“No, you didn’t, and she finally came to terms with it. Decided that while she might not care about the money, she did care about her own self-respect. She was done with you sleeping with other women, and what was it her friend said — you might sleep with your wife once every few months. Not how to keep a woman happy.”

“Look, I didn’t kill her. It was probably that damn gardener. It wasn’t me.”

His voice shook. He was rattled. 

“I think it was. I think you found out about her appointment with her attorney and confronted her. Her calendar was open on her office desk, the appointment clearly marked. You rushed to the studio and she told you it was over. She was done with your philandering and was going to divorce you.” She walked up to the stand. “She was tired of your lies. You finally got what you deserved and you lost it. You raped and then killed her with the only weapon you could find. A pallet knife — and in your rage, you stabbed her multiple times.”

Beads of sweat appeared on his brow and he was trembling. “I did not kill her.”

“Yes, you did and you enjoyed it.” She turned and walked toward her desk slowly, aware that his eyes were on her. At the desk, she turned and leaned against it, crossing her legs at the ankle. “You killed her because she wasn’t glamorous and she had rejected you.”

His face red, Cole gripped the wooden bar on the witness stand. “You’re damn right I killed the bitch. Buried my bloody clothes, and hosed off the bitch’s blood before I even went back in the house. No trace. I’d put up with her looks and her doling out money to me like it was an allowance. I was the best thing that ever happened to her and she’s going to divorce me. I gave her one last thrill, then killed her and she deserved it.” He rushed off the witness stand, heading for Stella. A bailiff tackled him before he reached her.

The courtroom erupted into chaos, the judge pounding his gavel. “Bailiff, take this man into custody. This court is in recess for thirty minutes. I want the defense counsel and Ms. Sinclair in my chambers in five minutes.”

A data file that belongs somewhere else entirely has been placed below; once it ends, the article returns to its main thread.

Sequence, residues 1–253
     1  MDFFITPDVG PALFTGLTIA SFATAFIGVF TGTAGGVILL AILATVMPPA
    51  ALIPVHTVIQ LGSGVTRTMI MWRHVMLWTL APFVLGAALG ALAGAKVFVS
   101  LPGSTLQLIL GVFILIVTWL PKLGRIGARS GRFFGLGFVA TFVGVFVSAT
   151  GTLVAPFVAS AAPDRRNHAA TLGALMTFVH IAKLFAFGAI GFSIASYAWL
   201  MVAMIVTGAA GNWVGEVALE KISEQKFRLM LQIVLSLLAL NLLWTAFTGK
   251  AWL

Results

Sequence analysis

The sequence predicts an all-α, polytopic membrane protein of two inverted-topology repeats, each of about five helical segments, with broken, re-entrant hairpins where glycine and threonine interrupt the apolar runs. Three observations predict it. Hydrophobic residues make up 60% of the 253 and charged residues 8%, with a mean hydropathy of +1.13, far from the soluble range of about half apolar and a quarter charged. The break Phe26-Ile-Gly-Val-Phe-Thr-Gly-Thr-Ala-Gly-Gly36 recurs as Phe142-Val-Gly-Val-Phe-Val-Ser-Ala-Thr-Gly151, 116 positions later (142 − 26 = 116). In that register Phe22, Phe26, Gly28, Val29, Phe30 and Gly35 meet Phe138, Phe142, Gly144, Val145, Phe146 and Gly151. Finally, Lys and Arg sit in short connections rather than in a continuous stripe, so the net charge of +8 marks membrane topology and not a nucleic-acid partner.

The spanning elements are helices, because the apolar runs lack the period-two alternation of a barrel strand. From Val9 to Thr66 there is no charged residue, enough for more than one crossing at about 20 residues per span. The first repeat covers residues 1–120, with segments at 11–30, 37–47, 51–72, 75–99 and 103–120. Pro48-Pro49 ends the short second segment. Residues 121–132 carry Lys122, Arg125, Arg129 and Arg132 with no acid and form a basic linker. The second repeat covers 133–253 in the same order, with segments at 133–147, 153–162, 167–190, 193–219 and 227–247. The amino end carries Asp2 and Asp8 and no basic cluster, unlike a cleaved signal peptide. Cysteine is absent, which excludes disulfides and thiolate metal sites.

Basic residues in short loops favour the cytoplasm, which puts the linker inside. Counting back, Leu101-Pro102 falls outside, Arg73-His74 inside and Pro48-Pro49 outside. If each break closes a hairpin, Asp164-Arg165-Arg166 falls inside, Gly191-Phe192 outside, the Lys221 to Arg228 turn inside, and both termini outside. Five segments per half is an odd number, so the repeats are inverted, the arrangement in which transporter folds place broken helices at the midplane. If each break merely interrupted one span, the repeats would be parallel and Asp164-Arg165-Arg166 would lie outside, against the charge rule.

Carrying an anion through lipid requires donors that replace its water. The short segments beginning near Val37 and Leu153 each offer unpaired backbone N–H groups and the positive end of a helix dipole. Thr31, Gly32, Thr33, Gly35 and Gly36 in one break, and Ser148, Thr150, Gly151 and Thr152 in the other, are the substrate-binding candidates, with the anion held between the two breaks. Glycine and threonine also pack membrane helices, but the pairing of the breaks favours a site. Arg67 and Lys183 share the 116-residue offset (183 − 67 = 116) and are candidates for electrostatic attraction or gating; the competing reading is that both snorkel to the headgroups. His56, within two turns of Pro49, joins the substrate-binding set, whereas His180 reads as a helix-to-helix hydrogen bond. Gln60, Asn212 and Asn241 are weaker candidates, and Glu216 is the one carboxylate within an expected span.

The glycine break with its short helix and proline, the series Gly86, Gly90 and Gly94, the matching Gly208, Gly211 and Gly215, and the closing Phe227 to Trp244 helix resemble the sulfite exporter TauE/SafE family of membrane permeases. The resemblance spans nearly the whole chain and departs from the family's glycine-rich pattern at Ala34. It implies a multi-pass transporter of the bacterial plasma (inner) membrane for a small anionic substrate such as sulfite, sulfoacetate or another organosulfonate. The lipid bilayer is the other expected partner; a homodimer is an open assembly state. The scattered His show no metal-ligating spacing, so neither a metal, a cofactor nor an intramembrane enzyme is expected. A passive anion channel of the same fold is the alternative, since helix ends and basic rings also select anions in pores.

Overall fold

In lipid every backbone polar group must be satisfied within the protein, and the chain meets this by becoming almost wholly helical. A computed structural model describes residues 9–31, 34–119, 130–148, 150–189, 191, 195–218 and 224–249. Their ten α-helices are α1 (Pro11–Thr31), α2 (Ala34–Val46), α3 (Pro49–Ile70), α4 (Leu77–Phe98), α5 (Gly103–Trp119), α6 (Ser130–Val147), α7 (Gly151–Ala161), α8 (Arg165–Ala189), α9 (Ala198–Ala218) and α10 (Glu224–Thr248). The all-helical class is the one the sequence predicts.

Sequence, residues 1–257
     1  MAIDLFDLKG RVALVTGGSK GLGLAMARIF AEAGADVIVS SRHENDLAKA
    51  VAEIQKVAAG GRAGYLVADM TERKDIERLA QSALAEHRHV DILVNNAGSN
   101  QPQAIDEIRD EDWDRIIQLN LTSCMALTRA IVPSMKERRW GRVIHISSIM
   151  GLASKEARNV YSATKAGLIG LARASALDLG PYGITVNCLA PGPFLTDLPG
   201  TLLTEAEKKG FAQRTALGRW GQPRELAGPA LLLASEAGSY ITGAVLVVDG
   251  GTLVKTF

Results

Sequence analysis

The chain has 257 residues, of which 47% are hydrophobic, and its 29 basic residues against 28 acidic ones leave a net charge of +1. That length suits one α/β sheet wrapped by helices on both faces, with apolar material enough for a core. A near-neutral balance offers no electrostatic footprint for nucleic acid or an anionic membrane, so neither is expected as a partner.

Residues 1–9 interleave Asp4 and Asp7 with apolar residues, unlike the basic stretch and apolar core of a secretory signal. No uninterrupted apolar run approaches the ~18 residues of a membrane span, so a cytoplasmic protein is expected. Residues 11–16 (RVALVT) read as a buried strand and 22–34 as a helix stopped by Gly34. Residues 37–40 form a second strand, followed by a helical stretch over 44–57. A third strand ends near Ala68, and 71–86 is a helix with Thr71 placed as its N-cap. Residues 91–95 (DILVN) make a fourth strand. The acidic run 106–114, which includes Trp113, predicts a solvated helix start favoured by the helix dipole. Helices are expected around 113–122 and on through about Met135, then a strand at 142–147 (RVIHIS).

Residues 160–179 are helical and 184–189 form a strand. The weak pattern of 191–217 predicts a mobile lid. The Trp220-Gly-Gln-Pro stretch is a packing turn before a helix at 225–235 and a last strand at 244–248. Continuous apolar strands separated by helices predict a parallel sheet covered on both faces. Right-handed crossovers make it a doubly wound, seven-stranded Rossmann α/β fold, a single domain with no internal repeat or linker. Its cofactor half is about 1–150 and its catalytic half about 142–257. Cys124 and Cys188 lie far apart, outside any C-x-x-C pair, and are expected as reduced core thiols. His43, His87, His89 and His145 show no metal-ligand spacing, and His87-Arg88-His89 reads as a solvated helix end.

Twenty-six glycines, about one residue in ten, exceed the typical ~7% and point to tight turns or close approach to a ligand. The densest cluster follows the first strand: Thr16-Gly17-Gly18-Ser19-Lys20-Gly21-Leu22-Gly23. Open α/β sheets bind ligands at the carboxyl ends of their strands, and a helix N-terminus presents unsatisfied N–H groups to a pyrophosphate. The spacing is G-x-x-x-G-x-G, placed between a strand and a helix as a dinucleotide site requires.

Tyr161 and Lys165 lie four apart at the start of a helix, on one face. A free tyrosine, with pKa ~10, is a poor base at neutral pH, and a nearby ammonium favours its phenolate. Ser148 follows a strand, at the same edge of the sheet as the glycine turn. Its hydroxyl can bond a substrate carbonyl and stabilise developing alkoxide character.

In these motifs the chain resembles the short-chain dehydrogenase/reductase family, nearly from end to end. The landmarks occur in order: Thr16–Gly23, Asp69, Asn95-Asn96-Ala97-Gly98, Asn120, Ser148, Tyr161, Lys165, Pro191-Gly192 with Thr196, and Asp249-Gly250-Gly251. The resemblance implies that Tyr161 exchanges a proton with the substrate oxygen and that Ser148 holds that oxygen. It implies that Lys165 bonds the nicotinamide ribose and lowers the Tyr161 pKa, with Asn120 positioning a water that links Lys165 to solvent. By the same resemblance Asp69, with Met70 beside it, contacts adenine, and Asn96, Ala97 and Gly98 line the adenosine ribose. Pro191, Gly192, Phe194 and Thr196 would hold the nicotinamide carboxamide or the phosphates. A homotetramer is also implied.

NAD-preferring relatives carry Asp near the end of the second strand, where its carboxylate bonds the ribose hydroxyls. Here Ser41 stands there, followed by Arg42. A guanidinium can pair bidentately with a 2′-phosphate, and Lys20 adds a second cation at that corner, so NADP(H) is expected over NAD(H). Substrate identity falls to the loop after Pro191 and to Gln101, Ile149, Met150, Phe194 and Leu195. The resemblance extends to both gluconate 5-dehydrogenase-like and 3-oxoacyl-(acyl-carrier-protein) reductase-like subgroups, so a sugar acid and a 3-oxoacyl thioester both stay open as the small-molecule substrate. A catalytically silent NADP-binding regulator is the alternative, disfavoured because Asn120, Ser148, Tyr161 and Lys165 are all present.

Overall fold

“Well done.”

She spun around to find DA Pettigrew standing next to her. “Thank you.” 

He walked her to the corridor. “You handled that very well. Jamie isn’t going to like being wrong but I think he’ll get over it. When you’re done here, come see me in my office. I think a drink is in order.”

“I will.” 

She turned in the direction of the judge’s chambers, smiling as her shoes clicked on the floor. Her high heels got her what she wanted — justice.

Tap. Tap. Tap.

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Please visit D. A. Ratliff’s blog at


“Dr. Paul’s Family Talk” Impact Radio USA

While Impact Radio USA’s “Dr. Paul’s Family Talk” program is on vacation, let’s listen to some of our member’s interviews from past shows.

Join host and WU! admin, Paul W. Reeves as he talks with author, editor, and radio host Kimberly Love from a show on 9-27-18.

Click to listen to the podcast of the radio show interview:

Kim also host her own radio show, “Crushing 40”, live on Thursday at 2:00 pm EDT

(repeated seven days a week at 2:00 pm EDT)

To hear “Crushing 40” and other great shows in Impact Radio USA go to: Click on LISTEN NOW!

Kimberly Love, an author from Windsor, Ontario, called in to discuss her latest release, “You Taste Like Whiskey and Sunshine”, as well as her upcoming projects and the creative process.

From her Amazon page, “WHAT MAKES THIS BOOK AWESOME? There’s an evil queen, a demented father, some amateur boxing and a trailer park story. Even a silver fox makes an appearance. Why wouldn’t that entice you? If you are looking for something different from the rest of the books out there, something that might make you question your sanity then you will love this book. Seriously!

The comedic and sassy perspective will make you see things differently, and you may even find yourself laughing out loud. It’s a good story and one that I truly believe needs to be told. Period. It’s dark, raw and takes you to a door that keeps all my innermost secrets. I hope that the book makes you laugh, makes you cry, and inspires you to be the best version of yourself.”

To learn more about Kimberly Love and to order her book, please visit her website at:

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Host Paul Reeves:

A product of the Detroit area, Wayne State University, and Eastern Michigan University, Paul Reeves, Ed.D, has spent over 30 years as a professional educator and musician, as well as his work as a radio talk show host and author.

IMPACT RADIO USA provides the best in news, talk, sports, and music 24 hours a day, 52 weeks per year. Launched in the spring of 2017, their goal is to keep you as the most informed Internet Radio audience. Click on the link below for the station’s complete show lineup!
(click on the LISTEN NOW button)